Mobility and Transport

Maritime

Maritime Transport Fitness Check

Maritime Transport Fitness Check

Introduction

In May 2018 the Commission completed the Maritime Transport Fitness Check of the legislation on flag State responsibilities, accident investigation, port State control, and the vessel traffic monitoring and reporting formalities for ships, which was launched in 2016.

 

Scope

The Fitness Check covers key EU legislation on the above mentioned areas with the objective of assessing their impact and to see whether reinforcement and simplification of the current legislation could improve outcomes. The individual directives were first evaluated separately before their combined effects and coherence were examined in the Fitness Check.

The evaluations for the Fitness Check were divided into the three main aspects related to a State as a flag State, port State or coastal State.

 

Main conclusions

Overall, the Maritime Fitness Check concluded that the legislative framework all together has contributed to safer, more secure and sustainable maritime transport.  Furthermore, EU-led harmonised implementation of international rules and conventions on flag, port and coastal State responsibilities has led to a level playing field in the Union's sector. No need for overturning the legislative framework was found, but rather the necessity for continued support to the Member States in fulfilling the obligations. The European Maritime Safety Agency (EMSA), plays a crucial role in this regard, as was confirmed by the evaluations.

The Fitness Check also concluded on the insufficient results on the simplification of reporting formalities and the associated need to revise relevant legislation.

The Staff Working Documents provide more detail on the individual pieces of legislation.

 

Outcomes and recommendations

The outcome of the Fitness Check confirms that the evaluated EU legislation regulating safety measures at sea is effective, efficient and delivering benefits.

Overall, the distinctive roles of flag States as the first line of defence, port States as the second line of defence and coastal States for traffic monitoring and intervention have their inherent relevance and complement each other. This contributes to achieving the objectives of safe, secure and sustainable maritime transport. The EU legislation mirrors international obligations incumbent on Member States, which are negotiated at the responsible UN body, the International Maritime Organization (IMO). The added value of EU action lies in the harmonised implementation and enforcement of rules as well as the cooperation of all EU Member States in jointly finding sustainable solutions. This provides for a high and uniform level of safety and a level playing field between Member States.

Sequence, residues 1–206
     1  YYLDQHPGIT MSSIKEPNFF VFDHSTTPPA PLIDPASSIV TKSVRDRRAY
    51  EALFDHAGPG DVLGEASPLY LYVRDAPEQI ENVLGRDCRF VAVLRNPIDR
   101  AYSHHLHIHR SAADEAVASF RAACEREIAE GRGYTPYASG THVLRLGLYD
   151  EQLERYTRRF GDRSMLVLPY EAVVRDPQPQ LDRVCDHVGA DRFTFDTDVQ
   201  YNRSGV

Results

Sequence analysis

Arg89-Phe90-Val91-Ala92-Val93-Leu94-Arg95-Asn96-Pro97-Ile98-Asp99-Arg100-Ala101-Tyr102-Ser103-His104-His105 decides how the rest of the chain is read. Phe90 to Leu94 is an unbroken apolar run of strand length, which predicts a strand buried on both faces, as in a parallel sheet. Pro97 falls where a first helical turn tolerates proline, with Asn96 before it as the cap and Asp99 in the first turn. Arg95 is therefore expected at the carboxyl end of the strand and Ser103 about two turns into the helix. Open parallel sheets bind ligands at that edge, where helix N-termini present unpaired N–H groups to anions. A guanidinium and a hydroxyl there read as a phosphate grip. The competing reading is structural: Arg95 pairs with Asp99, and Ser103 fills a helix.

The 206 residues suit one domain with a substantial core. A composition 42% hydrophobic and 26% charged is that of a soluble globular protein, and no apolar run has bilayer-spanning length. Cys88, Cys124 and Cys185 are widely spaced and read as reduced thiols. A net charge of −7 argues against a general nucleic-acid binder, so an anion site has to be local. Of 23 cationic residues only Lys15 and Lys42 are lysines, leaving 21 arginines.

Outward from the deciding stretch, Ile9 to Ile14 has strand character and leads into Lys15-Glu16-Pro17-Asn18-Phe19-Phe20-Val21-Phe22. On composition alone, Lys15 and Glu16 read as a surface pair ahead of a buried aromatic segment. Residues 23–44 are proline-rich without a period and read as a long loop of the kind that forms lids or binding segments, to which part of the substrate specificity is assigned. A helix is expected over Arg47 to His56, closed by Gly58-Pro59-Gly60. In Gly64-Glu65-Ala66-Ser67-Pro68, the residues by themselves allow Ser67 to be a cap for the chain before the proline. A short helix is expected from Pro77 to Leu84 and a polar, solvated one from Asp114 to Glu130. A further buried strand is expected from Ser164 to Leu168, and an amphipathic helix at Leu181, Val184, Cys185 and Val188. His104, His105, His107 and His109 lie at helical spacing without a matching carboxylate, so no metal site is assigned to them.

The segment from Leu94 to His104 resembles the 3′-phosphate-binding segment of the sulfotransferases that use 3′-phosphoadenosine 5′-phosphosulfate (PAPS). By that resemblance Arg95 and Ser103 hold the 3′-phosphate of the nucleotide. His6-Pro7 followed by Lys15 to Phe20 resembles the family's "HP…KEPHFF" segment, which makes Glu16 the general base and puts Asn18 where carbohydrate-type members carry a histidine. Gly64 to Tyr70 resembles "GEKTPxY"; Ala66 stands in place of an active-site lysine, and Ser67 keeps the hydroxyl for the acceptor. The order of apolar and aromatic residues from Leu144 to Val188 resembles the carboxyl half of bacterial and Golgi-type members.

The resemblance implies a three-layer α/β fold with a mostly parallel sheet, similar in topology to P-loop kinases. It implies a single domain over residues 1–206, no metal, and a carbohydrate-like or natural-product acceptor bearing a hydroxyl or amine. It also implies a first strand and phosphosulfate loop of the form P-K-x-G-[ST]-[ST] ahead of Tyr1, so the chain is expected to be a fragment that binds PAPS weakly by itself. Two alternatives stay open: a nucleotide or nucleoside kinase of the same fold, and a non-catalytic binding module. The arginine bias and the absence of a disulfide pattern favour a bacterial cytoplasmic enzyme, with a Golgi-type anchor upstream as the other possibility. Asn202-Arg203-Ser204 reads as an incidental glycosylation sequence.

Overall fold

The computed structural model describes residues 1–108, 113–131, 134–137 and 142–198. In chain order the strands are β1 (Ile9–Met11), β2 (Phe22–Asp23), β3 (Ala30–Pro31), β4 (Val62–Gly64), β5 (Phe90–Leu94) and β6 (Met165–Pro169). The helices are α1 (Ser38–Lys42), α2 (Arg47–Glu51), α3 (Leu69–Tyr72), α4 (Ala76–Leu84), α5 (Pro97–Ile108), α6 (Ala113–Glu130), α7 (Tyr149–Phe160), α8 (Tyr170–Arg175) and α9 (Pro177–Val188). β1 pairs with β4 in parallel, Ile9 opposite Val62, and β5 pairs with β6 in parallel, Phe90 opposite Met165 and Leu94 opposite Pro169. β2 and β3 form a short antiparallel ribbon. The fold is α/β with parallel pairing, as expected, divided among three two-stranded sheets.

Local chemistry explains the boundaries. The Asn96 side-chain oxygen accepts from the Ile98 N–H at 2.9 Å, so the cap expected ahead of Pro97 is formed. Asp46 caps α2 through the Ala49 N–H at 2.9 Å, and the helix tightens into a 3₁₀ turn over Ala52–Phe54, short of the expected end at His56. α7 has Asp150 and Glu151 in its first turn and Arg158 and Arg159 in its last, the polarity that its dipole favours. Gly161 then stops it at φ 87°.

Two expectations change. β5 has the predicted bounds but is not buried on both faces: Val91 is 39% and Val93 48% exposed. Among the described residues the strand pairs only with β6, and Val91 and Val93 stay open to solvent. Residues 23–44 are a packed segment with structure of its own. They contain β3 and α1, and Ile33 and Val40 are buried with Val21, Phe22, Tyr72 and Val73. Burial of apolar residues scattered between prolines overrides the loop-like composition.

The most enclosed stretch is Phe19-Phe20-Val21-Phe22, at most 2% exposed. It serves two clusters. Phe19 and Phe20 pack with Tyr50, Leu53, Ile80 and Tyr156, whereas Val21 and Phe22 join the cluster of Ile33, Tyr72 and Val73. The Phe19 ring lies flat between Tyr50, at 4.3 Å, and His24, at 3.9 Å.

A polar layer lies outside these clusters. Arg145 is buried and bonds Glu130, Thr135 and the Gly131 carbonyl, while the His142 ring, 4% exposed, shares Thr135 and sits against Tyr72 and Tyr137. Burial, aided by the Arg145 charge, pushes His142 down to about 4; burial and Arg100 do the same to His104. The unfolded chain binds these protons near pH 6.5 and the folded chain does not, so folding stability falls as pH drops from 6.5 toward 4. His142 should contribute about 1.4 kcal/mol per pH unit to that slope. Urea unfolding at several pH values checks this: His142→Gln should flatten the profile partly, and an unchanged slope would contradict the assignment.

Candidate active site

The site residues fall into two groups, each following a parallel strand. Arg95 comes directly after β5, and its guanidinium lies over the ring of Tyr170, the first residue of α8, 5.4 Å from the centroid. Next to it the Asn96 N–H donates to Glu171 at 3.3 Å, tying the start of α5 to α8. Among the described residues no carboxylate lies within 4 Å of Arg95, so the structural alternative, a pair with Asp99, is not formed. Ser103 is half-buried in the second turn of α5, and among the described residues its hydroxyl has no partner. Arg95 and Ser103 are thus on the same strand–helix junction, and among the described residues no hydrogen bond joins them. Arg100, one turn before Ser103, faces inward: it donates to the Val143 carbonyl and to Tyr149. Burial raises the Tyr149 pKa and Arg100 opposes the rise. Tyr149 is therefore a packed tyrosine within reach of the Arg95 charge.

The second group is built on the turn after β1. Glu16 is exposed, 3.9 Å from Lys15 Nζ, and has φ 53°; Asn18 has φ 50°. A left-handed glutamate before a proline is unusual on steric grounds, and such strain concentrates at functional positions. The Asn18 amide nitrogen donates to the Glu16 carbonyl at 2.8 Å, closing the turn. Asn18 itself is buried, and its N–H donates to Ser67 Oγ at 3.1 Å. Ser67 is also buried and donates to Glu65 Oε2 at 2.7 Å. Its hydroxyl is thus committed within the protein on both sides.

EMSA’s support to Member States contributes to this high-level of maritime safety and is a key factor in enforcing IMO standards. The evaluations show that this support increases the efficiency and effectiveness of Union-level enforcement.

The reduced number of serious incidents and accidents together with the ability to mitigate their consequences more rapidly has been achieved by combining several measures.

The analysis, however, also highlighted the need for a broader rebalancing of the EU legislative setup to additionally focus on preventive approaches, notably by reinforcing the EU layer for the first line of defence: current policies focus on Member States as port and coastal States, but less so on flag States.

Furthermore, there is room for improvement to achieve complementarity between the VTMIS Directive and the Reporting Formalities Directive for better facilitation of trade. The same could also be explored for the facilitation of transport aspects between the Port State Control and VTMIS Directives by strengthening the interface between SafeSeaNet and THETIS.

The Check also confirmed the enabling potential of digitalisation, with existing EMSA systems such as THETIS and SafeSeaNet reducing the burden on national administrators as well as private operators, facilitating planning and resource allocation in addition to monitoring and enforcement.

 

This leads to the following overall recommendations:

  • Maintain the EU maritime safety framework and continue to build the capacities of EMSA.
  • Explore ways to better allocate and use resources in partnership with the Member States
  • Promote EMSA’s digital systems and databases, making full use of digital opportunities

While ensuring maritime safety is paramount, the regulatory framework should support conditions under which the European maritime industry can thrive and compete on the global market. This requires integrating new approaches and emerging technologies. Good examples are risk-based approaches supported by EMSA systems, promoting best use, sharing and pooling of technical resources, as well as easing the burden on quality operators.

This pro-active (as opposed to the often applied reactive) approach to safety, security and pollution prevention can support the competitiveness of the sector, while maintaining the focus on enforcement and quality shipping. Together with a simplification of reporting formalities, these measures can make a major contribution to achieving a safe, secure, and sustainable European maritime transport area without barriers.

 

All documents